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Aggressive use of Uehara now could pay dividends come October

Posted by David D'Onofrio  September 11, 2013 02:11 AM

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In his first couple months since assuming the closer's job from Andrew Bailey, Koji Uehara didn't enter a game prior to the ninth inning -- a byproduct of both his new role and the Red Sox' acknowledged efforts to limit the usage of their 38-year-old right-hander.

But with Adrian Gonzalez and Hanley Ramirez on base, and the Dodgers having sliced their deficit to 4-2 with two outs in the eighth inning on Aug. 24, John Farrell took no chances. The manager summoned Uehara and asked his ace reliever to record a four-out save.

Fifteen pitches later, that request was granted. And with that, Uehara's role changed a bit. He was called upon for another four-out save six days later, and then again on Tuesday night to make Clay Buchholz a 2-0 winner in his long-awaited return. In between those two appearances he also pitched the ninth inning with Boston enjoying a four-run lead over the Yankees -- meaning it wasn't a save situation.

For that reason it was cast as something of an unconventional decision from Farrell. It was aggressive. But when considering it in conjunction with the urgency inherent in asking the closer to record three four-out saves in a span of 16 games, it speaks to the mindset of Boston's brass.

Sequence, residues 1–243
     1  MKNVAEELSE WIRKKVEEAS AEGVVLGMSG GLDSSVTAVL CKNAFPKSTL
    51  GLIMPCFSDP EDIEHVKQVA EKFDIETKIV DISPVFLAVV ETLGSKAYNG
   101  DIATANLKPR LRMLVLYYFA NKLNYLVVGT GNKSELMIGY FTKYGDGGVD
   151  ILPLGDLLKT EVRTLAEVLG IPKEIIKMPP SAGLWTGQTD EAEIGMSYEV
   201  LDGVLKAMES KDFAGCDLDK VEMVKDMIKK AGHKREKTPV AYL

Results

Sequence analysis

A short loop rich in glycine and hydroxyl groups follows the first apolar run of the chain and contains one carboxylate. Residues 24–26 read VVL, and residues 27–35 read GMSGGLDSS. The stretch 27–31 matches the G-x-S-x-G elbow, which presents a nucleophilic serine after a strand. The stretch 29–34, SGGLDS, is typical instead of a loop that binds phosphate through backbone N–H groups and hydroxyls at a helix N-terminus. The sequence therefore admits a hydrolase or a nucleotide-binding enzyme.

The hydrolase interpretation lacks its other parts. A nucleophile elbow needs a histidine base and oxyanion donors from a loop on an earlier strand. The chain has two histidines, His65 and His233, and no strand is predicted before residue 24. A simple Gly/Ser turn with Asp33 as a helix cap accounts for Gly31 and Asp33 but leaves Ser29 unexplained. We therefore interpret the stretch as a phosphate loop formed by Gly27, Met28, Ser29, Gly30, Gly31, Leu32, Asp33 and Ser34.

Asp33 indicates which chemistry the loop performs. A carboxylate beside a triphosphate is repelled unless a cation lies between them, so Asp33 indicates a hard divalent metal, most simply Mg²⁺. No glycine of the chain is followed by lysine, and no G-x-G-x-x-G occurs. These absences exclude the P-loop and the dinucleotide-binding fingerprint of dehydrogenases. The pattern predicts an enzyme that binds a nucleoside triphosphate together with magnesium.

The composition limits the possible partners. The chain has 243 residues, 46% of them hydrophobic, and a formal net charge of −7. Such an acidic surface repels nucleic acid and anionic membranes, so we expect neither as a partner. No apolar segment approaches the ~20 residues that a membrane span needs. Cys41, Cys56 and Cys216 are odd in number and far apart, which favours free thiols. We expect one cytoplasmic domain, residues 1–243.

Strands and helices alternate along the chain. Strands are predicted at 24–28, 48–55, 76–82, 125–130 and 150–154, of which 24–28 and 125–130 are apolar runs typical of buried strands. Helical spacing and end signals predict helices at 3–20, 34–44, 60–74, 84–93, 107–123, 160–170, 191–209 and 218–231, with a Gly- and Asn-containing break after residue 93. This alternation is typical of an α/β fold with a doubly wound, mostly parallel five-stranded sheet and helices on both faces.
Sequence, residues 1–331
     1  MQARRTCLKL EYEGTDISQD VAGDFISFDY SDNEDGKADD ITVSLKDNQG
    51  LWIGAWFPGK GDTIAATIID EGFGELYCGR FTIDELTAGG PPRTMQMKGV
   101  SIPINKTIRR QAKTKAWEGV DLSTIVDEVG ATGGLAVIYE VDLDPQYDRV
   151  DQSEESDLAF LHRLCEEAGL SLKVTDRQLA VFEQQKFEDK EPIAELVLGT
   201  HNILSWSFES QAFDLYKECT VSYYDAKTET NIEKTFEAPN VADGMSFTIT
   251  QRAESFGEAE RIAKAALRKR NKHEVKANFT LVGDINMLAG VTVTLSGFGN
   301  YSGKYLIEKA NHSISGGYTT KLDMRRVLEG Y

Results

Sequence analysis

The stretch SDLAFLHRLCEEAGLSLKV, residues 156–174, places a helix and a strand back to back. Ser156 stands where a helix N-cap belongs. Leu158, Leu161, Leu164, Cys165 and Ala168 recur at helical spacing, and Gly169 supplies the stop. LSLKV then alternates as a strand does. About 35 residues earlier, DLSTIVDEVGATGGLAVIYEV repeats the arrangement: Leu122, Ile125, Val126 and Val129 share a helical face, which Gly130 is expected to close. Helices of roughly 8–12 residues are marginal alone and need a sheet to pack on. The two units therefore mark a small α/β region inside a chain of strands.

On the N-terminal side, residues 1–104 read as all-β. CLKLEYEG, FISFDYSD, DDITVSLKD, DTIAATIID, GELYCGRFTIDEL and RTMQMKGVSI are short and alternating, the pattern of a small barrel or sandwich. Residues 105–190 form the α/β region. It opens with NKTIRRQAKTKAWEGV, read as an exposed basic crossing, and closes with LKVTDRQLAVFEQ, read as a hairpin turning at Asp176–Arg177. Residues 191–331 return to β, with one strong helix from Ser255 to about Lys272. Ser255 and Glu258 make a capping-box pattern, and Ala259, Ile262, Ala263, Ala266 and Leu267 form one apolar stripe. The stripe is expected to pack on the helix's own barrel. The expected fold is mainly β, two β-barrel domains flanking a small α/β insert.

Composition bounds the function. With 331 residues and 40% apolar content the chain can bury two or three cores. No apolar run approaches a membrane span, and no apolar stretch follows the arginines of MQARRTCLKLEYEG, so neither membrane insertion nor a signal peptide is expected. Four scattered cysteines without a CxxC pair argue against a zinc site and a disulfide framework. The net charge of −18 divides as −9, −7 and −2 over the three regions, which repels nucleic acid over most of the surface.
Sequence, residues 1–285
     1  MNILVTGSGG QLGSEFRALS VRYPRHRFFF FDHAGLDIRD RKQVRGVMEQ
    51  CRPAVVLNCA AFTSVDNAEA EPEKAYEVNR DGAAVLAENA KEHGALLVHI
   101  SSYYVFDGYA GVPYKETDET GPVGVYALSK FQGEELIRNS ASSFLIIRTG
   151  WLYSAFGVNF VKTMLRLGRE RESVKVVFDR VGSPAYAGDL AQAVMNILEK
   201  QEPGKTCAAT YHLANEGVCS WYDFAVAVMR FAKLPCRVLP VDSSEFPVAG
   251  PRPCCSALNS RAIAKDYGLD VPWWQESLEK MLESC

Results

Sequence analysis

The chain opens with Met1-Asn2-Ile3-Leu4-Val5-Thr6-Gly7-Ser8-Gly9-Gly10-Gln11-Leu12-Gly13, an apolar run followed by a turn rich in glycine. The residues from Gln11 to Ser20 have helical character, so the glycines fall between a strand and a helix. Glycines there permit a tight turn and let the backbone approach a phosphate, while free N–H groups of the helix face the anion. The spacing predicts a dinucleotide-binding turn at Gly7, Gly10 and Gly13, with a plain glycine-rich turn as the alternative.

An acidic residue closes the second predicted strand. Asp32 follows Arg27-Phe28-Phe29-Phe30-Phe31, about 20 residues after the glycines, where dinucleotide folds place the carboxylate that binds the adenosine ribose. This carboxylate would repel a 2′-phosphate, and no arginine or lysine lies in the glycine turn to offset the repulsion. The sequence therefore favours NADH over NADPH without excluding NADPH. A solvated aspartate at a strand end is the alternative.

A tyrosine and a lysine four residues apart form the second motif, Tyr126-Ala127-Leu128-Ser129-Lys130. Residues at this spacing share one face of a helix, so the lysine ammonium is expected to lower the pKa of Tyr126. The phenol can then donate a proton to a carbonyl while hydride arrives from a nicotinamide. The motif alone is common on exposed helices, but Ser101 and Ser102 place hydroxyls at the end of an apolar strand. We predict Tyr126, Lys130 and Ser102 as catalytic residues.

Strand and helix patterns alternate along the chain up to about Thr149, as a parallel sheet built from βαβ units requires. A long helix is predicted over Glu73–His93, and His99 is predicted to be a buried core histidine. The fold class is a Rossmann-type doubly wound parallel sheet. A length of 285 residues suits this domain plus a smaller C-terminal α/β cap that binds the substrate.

It suggests that Farrell and his coaches believe the best way to ensure Uehara is ready for the rigors of October is to render late September meaningless, and let him rest then. Obviously the only way to do that is to wrap things up in the American League East, and the AL in general, as soon as possible. The more wins they can put in the bank now, the fewer they have to strain themselves over earning later. And the easiest way to achieve that is to win as often as possible, and particularly by not letting slip away an opportunity for victory that presents itself in the late innings.

So Farrell has decided to take no chances in those situations. Rather than try to coax an extra out from a setup man, or let the contrived details of the save statistic dictate his decision, he has handed the ball to the pitcher who has retired 31 straight batters and hasn't allowed a run since June.

That may mean using him more than they have previously, or more than they'd prefer to under ideal circumstances. But taxing him now could pay significant dividends later, since locking down those wins have been significant in the Sox opening up leads of 8.5 games in the East, and 4 games in the AL -- and since the sooner the dwindling doubt is removed from each of those races, the sooner Boston can really begin gearing up for the postseason.

The sooner it can start letting Uehara recharge after an onerous season. And the sooner his arm will be ready for whatever they need from it in October.

Red Sox 2, Rays 0
4-for-29, BB, 9 K, 2B
Dustin Pedroia, 2B 1-for-4, 2 K, SB: Tuesday was the first time this season that Pedroia batted anywhere but third in the order, moving up to leadoff for the first time since 2009. Historically, his average batting first is 46 points lower than it is at any other spot in the lineup where he's started more than a dozen games.